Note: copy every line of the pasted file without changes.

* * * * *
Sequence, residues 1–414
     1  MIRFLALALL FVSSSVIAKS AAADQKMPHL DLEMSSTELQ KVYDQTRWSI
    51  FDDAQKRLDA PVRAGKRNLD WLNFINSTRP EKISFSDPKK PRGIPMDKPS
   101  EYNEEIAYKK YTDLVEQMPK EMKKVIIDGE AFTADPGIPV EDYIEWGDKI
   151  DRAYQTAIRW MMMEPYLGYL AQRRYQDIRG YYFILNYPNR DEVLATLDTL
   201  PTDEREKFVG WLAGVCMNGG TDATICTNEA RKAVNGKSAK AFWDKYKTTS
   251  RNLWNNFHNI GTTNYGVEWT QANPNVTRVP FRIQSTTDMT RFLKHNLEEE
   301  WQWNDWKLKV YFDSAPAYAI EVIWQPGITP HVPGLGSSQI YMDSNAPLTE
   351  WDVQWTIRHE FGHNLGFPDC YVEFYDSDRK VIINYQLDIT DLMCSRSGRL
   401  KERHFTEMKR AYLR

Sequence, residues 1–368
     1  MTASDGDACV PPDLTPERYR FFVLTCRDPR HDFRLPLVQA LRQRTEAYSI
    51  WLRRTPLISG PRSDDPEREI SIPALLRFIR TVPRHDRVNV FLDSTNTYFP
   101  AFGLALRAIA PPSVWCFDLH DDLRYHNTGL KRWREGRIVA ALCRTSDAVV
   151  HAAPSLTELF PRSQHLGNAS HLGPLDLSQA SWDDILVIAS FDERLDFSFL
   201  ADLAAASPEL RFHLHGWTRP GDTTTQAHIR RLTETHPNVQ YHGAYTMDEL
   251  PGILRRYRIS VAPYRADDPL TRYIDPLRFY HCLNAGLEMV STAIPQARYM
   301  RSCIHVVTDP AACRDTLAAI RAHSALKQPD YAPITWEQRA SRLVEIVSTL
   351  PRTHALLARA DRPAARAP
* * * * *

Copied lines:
Sequence, residues 1–414
     1  MIRFLALALL FVSSSVIAKS AAADQKMPHL DLEMSSTELQ KVYDQTRWSI
    51  FDDAQKRLDA PVRAGKRNLD WLNFINSTRP EKISFSDPKK PRGIPMDKPS
   101  EYNEEIAYKK YTDLVEQMPK EMKKVIIDGE AFTADPGIPV EDYIEWGDKI
   151  DRAYQTAIRW MMMEPYLGYL AQRRYQDIRG YYFILNYPNR DEVLATLDTL
   201  PTDEREKFVG WLAGVCMNGG TDATICTNEA RKAVNGKSAK AFWDKYKTTS
   251  RNLWNNFHNI GTTNYGVEWT QANPNVTRVP FRIQSTTDMT RFLKHNLEEE
   301  WQWNDWKLKV YFDSAPAYAI EVIWQPGITP HVPGLGSSQI YMDSNAPLTE
   351  WDVQWTIRHE FGHNLGFPDC YVEFYDSDRK VIINYQLDIT DLMCSRSGRL
   401  KERHFTEMKR AYLR

Sequence, residues 1–368
     1  MTASDGDACV PPDLTPERYR FFVLTCRDPR HDFRLPLVQA LRQRTEAYSI
    51  WLRRTPLISG PRSDDPEREI SIPALLRFIR TVPRHDRVNV FLDSTNTYFP
   101  AFGLALRAIA PPSVWCFDLH DDLRYHNTGL KRWREGRIVA ALCRTSDAVV
   151  HAAPSLTELF PRSQHLGNAS HLGPLDLSQA SWDDILVIAS FDERLDFSFL
   201  ADLAAASPEL RFHLHGWTRP GDTTTQAHIR RLTETHPNVQ YHGAYTMDEL
   251  PGILRRYRIS VAPYRADDPL TRYIDPLRFY HCLNAGLEMV STAIPQARYM
   301  RSCIHVVTDP AACRDTLAAI RAHSALKQPD YAPITWEQRA SRLVEIVSTL
   351  PRTHALLARA DRPAARAP